Richard Dawkins doesn’t get to define sex abuse

The author defends the "mild" pedophilia of his youth -- and ignores everybody else

Topics: Richard Dawkins, Sex abuse, Catholic Church sex abuse, Roger Mahony, Jimmy Savile, Rape Culture, Atheism,

Richard Dawkins doesn't get to define sex abuseRichard Dawkins (Credit: Reuters/Chris Keane)

Richard Dawkins has an opinion and therefore thinks everyone else should share it. Gee, what a shock. What’s surprising this time is that it’s not about religion. 

In an interview with the Times magazine this past weekend, the author revealed that he and some of his peers had experienced “mild pedophilia” at their boarding school in Salisbury, and that it was no big deal. Recalling how one of his teachers “pulled me on his knee and put his hand inside my shorts,” he declared, “I don’t think he did any of us lasting harm.”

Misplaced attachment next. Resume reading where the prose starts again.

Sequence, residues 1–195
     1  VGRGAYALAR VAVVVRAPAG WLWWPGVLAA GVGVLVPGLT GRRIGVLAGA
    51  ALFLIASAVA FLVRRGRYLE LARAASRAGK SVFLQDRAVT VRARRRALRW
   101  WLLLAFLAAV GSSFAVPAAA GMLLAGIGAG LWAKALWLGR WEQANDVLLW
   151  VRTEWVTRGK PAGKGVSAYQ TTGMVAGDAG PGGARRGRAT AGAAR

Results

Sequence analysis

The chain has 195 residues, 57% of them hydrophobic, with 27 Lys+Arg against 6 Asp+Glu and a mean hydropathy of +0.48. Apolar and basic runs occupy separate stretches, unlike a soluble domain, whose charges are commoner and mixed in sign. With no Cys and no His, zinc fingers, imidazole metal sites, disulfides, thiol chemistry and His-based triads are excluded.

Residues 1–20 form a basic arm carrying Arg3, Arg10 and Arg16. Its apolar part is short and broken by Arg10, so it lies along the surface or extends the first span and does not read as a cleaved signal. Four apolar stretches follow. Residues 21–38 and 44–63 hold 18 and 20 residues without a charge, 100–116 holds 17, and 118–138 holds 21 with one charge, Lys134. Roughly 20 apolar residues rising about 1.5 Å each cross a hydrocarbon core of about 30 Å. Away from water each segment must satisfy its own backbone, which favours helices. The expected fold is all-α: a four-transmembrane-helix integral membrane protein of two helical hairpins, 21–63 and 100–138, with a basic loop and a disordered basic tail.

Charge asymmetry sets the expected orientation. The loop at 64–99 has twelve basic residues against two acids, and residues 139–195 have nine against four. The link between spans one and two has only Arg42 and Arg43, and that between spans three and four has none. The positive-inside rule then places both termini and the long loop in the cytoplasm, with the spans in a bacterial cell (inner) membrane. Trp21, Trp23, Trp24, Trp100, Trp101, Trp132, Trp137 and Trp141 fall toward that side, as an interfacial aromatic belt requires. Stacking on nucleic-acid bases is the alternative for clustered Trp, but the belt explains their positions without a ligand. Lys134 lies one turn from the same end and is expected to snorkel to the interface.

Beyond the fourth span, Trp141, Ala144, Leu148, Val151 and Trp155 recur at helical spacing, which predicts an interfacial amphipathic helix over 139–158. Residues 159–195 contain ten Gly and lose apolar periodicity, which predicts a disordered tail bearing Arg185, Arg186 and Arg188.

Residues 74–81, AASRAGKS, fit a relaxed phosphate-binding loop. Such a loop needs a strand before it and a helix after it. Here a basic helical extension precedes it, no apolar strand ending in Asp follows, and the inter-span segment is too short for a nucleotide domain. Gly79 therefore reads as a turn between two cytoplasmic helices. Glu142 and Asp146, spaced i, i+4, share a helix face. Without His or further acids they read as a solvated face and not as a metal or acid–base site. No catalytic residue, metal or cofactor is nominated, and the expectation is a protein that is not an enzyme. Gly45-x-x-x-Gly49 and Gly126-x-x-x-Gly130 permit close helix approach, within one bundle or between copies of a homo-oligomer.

At least he’s consistent. Addressing the widespread sexual abuse in Catholic Church, Dawkins earlier this year declared that “There are shades of being abused by a priest … Telling children stuff that they really, really believe, that people who sin are gong to go to hell and roast forever … it seems to me to be intuitively entirely reasonable that that is a worse form of child abuse.” In a post last year, he expanded on the idea that “‘Sexual abuse’ covers a wide spectrum of sins, and I suspect that research would show belief in hell to be more traumatic than the sort of mild feeling-up that I suffered,” and distinguished his experience from “violent, painful, repeated sexual abuse.” And in his book “The God Delusion,” he stated that “All three of the boarding schools I attended employed teachers whose affections for small boys overstepped the bounds of propriety. That was indeed reprehensible. Nevertheless, if, fifty years on, they had been hounded by vigilantes or lawyers as no better than child murderers, I should have felt obliged to come to their defense, even as the victim of one of them (an embarrassing but otherwise harmless experience).”